There are three other incubators in the Stockholm area, and they all get their funding from the cultural side of society. Even though it is very late, we finally have this big movement and an investigation on creative businesses last year and so things are moving.

What did you manage to (re)build in your territory?

I think we built a sense that it's okay to earn a living from art. I didn't introduce myself, I'm actually trained as a classical composer. When I graduated from the Conservatory College in Stockholm in 1997, I knew everything about how to compose music, but I knew nothing about how to survive on composing music. So, I had to learn everything myself. I was a freelance composer and musician, project and workshop manager, bus driver and kindergarten worker, all these kinds of weird things you do! I mainly survived by inventing weird projects in contemporary art and managed to finance them. I did that for 25 years and then got very much involved in cultural policy. I was in the leadership of many art organisations, both in Sweden and Europe, and learned how things work from the government perspective.

We decided to start an organisation called CreARTive to organise the creative incubators of Sweden.

Then in 2017, I managed to trick someone else to take over after me and ventured to this work that I have today. Still, my first steady work ever. I could also say, at least in Sweden, when I started this cultural policy thing in 2010, it was still seen as a little problematic if you made money from your art. Unless you are rich from the start, you must make money from somewhere. Why not art instead of driving a bus or working in kindergarten? It's better to work while making music and I think that change of perception, depending on your view of your profession, has been very important. I definitely think that Katapult has been playing a big role in doing this on the grassroots level. We help them and every day try to find the next natural step for them to take. My predecessor has been part of many festivals and many of them he created himself, but myself I have basically done three things. Two years ago, we had our anniversary. Instead of having an open house, we had 10 lunch webinars. We were talking about 10 different aspects of creative business.

When I started as a creative hub manager here, I had been on the board for creative business, so I knew exactly what a creative hub does and should be doing. But I didn't have a clue on what to do on a day-to-day business. I solved that by duelling up some of my colleagues, visiting them around Sweden, stole a lot of their best ideas and used it for myself or realised that I'm not gonna do that anyway. I learned very much from them and also from getting to know these people who were doing things differently, but we all had the same purpose. Then the next natural step was to invite them to Subtopia where we quickly found out that we have different methods, organisations, funding and staffing. But we all work with exactly the same purpose, helping creatives to make a living in a better way. We decided to start an organisation called CreARTive to organise the creative incubators of Sweden.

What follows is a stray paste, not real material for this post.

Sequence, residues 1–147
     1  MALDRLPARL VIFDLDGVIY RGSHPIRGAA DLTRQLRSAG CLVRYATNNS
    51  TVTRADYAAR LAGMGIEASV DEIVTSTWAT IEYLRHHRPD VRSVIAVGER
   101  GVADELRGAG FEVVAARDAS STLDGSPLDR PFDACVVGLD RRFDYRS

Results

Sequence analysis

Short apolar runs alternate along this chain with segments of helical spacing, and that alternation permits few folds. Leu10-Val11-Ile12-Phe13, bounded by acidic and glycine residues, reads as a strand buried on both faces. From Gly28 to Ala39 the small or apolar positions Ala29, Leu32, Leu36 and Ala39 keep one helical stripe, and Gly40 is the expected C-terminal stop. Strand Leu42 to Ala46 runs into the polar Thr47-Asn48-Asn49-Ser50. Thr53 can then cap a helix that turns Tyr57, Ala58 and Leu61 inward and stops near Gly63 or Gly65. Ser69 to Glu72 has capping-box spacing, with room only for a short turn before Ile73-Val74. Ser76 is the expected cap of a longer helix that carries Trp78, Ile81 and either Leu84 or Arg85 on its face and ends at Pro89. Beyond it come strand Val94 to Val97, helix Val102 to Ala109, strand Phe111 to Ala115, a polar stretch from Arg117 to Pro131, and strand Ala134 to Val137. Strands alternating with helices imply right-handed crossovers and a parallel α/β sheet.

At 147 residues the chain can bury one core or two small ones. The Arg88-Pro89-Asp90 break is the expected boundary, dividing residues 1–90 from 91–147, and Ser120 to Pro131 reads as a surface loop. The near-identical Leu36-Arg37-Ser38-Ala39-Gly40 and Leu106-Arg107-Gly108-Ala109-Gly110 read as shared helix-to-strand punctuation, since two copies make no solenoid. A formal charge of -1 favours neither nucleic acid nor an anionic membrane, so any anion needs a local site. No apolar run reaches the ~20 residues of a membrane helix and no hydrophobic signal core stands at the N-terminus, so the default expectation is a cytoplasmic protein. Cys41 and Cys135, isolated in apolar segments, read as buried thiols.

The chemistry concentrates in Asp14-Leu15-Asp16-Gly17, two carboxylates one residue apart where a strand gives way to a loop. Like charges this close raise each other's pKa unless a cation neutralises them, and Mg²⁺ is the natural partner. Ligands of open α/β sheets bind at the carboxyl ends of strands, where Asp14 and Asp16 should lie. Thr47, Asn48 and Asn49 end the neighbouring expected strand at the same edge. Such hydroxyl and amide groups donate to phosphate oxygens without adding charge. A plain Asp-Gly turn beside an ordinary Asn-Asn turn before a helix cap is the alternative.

It's very difficult for corporations and artists to work together, but it's very easy for people to work together.

Today, we have 12 members from all over Sweden. As far as we know, we are the only national creative incubator organisation in the world. The third thing is that when CreARTive was just one month old, I went to a networking meeting in Helsinki and together we formed the Nordic-Baltic Creative Industries Incubator network. We have monthly meetings, very ambitious networking programmes, some funding from the Nordic funding and did a very ambitious programme in the middle of the pandemic. Nowadays, we meet about monthly to just chat and talk about what we're doing and exchange tips and ideas.


We have two exciting projects currently running. It's basically a course because it comes from regional funding and it's for solo and micro entrepreneurs from all kinds of sectors, living in the Stockholm region. They learn how to become better at collaboration. Usually, people collaborate with people they already know because they know how they work.